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Tribulation and the Battle Cry

Dear Brothers and Sisters in Christ,

Jesus never promised to keep his followers from suffering. Jesus promises to accompany us in our sorrows and to sustain us with his grace, even when all seems lost. An important lesson for every Christian is that the journey for us, just as for Jesus, leads to the cross of Calvary. We place our hope in our Lord who has gone before us, given meaning to life’s travails, and has been raised on the other side of death.

The readings today bring us a step closer to the end of the liturgical year and the beginning of Advent. Each year as the days grow colder and Thanksgiving approaches, the Church places before her people lessons related to readiness for the end times.

Take today’s Gospel: “When you hear of wars and insurrections, do not be terrified; for such things must happen first, but it will not immediately be the end…. Nation will rise against nation, and kingdom against kingdom…. Before all this happens, however, they will seize and persecute you…” (Lk 21) Good times!

Our Lord prophecies violence, turmoil and upheaval. Jesus recognizes that the Kingdom of God will not be brought about by a peaceful transition of power. Why would the  powerful relinquish control? Instead, just as Jesus overturned the moneychangers in the Temple, his religious revolution will overturn the former order. A new reign of service and selfless love will spread. That we do not yet often perceive this reality fully visible brings us to admit the great work left for the Church to undertake with our Head Jesus.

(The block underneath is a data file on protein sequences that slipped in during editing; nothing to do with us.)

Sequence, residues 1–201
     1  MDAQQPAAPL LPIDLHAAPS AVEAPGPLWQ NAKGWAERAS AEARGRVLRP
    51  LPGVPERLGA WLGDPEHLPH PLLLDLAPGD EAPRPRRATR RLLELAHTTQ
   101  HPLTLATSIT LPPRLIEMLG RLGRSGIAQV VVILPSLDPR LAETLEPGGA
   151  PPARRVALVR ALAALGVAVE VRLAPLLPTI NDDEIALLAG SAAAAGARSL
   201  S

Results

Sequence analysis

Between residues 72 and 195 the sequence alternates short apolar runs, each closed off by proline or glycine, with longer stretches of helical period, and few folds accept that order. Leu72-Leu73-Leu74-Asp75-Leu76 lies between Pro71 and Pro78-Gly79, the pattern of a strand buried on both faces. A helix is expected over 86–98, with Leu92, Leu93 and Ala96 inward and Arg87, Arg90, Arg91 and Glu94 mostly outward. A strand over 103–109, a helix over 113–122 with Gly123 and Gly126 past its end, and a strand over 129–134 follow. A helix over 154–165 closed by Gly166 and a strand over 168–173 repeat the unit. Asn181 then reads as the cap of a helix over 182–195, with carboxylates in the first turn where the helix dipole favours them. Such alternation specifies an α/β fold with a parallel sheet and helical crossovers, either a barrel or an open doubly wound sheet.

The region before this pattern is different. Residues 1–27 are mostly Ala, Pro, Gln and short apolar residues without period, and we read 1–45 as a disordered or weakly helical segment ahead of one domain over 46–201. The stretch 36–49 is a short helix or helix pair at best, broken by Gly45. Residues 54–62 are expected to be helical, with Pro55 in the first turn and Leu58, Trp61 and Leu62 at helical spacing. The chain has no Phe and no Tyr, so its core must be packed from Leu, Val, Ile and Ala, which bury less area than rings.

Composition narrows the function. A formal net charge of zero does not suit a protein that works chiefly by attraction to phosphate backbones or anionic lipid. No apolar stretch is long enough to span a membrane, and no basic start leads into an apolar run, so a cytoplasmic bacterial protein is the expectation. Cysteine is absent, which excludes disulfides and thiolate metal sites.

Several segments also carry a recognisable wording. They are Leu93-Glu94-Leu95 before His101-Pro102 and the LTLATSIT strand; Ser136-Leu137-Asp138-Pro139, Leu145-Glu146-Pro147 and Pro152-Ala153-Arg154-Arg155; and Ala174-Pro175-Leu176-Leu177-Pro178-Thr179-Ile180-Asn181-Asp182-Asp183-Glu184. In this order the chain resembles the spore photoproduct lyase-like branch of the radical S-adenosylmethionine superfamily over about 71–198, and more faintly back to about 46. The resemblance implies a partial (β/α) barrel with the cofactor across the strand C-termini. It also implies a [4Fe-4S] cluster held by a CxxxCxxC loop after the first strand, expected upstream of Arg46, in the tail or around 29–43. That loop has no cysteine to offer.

The road to the fullness of Christianity passes through these difficulties. Jesus assures us: keep the faith; trust in me; abide in the Spirit. He will help us make our defense (apologia). While those who do not embrace the new reality will hate us: “You will be hated by all because of my name, but not a hair on your head will be destroyed. By your perseverance you will secure your lives,” (Lk 21:19) victory will eventually be ours!

As Americans, we may just be too comfortable to really hear Jesus’ words with relish! They are off-putting. Day after day, however, our nation grows increasingly secular and even anti-religious. Through the mid-20th century our culture could be described as Judeo-Christian, but that has been eroding. A secular worldview proposes a vision for America that would roil our founding fathers. And it should rile us! It is time to take up arms. Our weapons are the Gospel. Our faith is our shield. We are clothed with Christ.

Some of these Gospel warnings end with the eerie question: “But when the Son of Man comes, will he find faith on earth?” (Lk 18:18) We might pose: will our faith move us to trust in the Lord even when our adversaries are at the gate? Or, are we willing to stand and fight for the truth of the Gospel?

With you in the fight,

Fr. Joel Wilson

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